If you love entertainment, you were certainly born at the right time. The choice of content options is now booming, with an incredible range of choices available now, from binge watching the latest newly released series to searching for award winning movies you can stream to your TV.
New developments in technology have also been key to turning the home TV into a true entertainment hub. When you pair up your TV and your smartphone, you can tap into a wealth of great offerings with just a few clicks. Best of all, you don’t even have to have home Internet service. Mobile phone data plans can often provide the connectivity you need to start enjoying your favourite shows, movies and entertainment experiences in the comfort of your own living room.
There Are Two Kinds of Streaming: Mirroring and Casting – Here’s the Difference
If you want to create a mirror image of what is on your phone or tablet on the TV, then screen mirroring is the perfect choice. On the other hand, if you want to use your phone to help play music, movies or other video content on another display in the room (like a TV), then you would choose screen casting.
When you do screen mirroring, an exact copy of what is appearing on your tablet or phone is shown on the TV. Since your phone or other device is driving the mirroring, you won’t be able to use it for other things while you are sharing the content. You can create a wired mirroring connection via an HDMI cable, or can use wireless content mirroring if your TV can receive those signals.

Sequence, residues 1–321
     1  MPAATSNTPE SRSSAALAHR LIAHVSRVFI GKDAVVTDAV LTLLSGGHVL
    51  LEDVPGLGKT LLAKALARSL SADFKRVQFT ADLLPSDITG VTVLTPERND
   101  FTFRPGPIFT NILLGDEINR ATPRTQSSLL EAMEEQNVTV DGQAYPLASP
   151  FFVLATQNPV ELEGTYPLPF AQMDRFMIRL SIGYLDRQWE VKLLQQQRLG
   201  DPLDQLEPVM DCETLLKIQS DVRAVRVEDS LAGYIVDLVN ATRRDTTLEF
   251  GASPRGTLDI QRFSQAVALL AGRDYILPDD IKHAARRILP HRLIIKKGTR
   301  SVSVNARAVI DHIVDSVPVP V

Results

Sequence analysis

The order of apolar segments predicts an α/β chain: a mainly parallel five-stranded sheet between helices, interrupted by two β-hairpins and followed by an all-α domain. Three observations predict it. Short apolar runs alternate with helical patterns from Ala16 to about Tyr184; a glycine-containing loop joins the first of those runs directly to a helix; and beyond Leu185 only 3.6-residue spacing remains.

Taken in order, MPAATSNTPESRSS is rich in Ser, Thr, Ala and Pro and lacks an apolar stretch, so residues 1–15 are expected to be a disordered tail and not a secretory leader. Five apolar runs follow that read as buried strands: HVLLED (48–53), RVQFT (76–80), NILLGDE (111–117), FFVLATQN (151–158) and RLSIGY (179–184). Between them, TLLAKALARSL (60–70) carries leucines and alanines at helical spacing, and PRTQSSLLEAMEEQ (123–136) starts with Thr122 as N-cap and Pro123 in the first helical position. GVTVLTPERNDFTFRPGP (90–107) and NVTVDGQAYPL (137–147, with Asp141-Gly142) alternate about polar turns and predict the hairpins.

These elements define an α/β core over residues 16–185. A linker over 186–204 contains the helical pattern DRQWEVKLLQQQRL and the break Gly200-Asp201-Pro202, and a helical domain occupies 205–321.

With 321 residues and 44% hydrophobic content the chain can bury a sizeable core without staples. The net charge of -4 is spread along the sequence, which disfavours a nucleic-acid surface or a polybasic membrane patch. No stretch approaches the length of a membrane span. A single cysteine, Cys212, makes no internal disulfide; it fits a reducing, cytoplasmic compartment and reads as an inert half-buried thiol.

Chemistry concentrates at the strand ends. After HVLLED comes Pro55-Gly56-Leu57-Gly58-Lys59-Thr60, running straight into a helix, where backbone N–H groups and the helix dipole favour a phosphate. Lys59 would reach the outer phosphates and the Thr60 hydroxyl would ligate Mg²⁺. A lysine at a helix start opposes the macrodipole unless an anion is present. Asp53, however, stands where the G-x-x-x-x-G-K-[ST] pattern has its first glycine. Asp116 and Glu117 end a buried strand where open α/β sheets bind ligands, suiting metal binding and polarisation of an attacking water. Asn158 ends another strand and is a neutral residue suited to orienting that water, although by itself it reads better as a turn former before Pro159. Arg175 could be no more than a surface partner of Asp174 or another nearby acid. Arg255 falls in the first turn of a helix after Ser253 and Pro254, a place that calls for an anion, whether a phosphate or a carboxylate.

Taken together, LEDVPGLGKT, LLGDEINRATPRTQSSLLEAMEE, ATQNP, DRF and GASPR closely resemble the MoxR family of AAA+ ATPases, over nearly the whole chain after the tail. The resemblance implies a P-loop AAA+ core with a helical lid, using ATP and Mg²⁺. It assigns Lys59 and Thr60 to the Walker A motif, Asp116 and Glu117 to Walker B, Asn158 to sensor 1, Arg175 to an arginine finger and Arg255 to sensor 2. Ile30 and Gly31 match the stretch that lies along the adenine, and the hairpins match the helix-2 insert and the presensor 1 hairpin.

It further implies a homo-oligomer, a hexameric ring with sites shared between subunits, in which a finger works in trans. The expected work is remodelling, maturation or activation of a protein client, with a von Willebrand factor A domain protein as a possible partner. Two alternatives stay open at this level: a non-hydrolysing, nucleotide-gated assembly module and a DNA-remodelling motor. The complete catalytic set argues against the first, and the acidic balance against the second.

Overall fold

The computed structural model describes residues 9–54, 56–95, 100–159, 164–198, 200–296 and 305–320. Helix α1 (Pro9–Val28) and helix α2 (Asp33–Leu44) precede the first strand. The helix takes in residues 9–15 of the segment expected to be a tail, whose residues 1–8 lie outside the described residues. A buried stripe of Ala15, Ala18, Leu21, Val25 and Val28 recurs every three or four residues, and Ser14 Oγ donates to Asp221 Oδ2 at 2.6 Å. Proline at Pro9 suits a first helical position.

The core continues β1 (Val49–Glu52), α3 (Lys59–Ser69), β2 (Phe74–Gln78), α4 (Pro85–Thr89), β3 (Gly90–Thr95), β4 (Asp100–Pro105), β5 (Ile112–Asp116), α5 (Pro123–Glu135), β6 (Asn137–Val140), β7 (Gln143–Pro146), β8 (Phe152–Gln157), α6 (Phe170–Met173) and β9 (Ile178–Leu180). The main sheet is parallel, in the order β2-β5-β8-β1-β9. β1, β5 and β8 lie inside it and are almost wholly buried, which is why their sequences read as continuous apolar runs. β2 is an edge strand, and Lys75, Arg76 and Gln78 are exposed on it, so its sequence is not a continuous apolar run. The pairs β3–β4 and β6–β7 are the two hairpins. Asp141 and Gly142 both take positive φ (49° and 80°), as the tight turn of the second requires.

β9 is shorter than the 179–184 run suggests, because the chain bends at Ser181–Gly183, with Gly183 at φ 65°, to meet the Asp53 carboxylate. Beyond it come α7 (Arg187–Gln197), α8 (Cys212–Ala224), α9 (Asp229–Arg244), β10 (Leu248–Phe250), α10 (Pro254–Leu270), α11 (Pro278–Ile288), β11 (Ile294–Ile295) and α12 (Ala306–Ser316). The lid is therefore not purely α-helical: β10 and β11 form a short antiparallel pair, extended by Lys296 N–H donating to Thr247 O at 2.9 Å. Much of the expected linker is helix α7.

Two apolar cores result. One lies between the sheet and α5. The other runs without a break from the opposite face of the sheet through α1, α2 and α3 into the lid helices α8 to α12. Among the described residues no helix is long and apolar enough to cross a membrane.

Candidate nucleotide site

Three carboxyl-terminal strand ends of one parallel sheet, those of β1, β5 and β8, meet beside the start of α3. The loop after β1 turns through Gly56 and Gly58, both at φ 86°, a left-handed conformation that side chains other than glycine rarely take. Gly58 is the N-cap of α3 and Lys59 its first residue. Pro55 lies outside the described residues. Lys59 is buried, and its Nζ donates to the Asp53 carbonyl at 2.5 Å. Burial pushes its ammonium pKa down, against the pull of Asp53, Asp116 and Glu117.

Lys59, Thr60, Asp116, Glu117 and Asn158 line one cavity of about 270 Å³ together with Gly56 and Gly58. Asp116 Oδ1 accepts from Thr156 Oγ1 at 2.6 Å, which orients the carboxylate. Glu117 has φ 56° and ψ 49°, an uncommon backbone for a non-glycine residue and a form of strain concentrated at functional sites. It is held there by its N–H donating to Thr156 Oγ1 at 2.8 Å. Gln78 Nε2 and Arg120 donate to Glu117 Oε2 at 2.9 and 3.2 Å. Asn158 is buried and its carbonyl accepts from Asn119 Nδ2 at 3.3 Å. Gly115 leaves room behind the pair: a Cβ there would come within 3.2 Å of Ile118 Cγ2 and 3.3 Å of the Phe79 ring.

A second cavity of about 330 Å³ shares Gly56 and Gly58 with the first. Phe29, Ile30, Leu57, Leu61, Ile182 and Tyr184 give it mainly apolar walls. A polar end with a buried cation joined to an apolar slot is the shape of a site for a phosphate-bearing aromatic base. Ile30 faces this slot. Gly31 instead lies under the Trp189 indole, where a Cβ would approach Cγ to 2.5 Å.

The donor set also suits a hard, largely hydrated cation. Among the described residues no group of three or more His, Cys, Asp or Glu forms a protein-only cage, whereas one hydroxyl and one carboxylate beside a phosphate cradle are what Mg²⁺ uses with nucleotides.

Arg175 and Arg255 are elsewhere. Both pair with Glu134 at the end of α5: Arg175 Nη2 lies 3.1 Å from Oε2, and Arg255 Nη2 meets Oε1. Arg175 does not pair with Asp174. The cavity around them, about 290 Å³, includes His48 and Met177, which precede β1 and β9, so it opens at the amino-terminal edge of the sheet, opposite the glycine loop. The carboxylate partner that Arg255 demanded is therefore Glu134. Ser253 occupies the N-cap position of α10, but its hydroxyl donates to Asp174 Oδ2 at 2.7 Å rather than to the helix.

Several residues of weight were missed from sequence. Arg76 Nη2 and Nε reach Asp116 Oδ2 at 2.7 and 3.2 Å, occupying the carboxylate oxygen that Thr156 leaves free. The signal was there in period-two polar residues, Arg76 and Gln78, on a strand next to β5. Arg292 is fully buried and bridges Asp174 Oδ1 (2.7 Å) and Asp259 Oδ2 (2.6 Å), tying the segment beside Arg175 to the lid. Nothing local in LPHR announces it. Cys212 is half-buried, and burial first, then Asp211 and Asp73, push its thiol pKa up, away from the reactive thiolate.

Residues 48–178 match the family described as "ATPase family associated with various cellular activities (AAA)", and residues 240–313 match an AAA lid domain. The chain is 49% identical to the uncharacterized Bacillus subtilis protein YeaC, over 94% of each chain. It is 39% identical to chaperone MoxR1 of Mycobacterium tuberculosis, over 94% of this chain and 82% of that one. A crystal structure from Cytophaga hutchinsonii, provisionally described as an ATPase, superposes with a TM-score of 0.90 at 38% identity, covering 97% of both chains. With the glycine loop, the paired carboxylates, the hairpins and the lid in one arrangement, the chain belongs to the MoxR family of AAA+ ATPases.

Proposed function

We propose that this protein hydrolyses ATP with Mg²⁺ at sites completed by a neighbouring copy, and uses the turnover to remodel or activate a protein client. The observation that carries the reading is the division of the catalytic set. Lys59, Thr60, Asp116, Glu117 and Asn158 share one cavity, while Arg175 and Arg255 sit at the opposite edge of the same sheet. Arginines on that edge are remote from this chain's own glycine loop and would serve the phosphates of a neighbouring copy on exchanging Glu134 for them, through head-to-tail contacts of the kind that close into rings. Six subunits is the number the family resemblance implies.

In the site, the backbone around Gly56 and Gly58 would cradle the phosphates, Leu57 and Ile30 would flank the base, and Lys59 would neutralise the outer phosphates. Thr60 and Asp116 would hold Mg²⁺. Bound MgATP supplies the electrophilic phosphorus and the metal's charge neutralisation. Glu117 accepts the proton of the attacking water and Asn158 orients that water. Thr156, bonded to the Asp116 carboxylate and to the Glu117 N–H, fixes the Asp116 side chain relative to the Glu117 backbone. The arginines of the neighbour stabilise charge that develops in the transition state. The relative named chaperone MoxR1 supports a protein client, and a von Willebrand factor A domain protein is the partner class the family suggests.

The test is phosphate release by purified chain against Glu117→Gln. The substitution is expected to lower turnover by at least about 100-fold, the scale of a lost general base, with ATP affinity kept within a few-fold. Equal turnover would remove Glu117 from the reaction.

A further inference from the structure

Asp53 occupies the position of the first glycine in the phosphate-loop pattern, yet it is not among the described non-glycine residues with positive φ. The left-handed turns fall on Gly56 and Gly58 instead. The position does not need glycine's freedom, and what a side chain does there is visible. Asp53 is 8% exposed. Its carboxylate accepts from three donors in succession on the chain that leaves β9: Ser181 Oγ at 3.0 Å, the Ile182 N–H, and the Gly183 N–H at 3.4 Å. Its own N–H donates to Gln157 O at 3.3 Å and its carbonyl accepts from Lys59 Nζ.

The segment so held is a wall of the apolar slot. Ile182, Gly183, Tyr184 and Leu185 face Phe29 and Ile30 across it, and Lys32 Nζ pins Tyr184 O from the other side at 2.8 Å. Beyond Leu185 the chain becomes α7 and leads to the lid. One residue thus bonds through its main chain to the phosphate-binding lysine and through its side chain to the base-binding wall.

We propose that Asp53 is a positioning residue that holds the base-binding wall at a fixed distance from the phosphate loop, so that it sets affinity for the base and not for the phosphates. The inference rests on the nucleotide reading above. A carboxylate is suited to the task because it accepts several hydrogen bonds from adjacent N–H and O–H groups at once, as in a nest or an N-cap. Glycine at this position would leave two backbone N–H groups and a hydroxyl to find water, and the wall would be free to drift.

Screen casting is different from mirroring in several important aspects. When you set up casting on your phone or tablet, you are not sharing a mirror image of your screen. You can continue to use your device without it impacting the content that is displayed on the TV. As content is cast to the TV from the phone, you don’t see the content on your phone at all. The screen casting process uses an app to send shows or movies from your phone over to the TV display.
Streaming From Your Phone to a TV
There are a variety of different methods for how to connect your phone to your TV, depending on the type of connection you want and the specific equipment you own or might purchase. Once you have one of these connections in place, you’ll be ready to stream the content you love. The choices include:
The setup for how to stream from phone to TV with HDMI is straightforward. If your phone has a USB-C port you create the connection with a USB-C to HDMI adapter and an HDMI cable.
One end of the adapter goes into your phone’s USB-C port, while the other end is connected to your HDMI cable. You then connect the HDMI cable to the TV’s HDMI port.
USB provides another option for how to connect phone to TV. With A USB data cable, you can connect the phone’s USB port to the USB port typically found on the TV. With this wired connection, there’s no need to use Wi-Fi. Purchasing a longer cable may be helpful if you are sitting further away from the TV.
Without a Smart TV Using a Dongle Like Amazon TV Fire Stick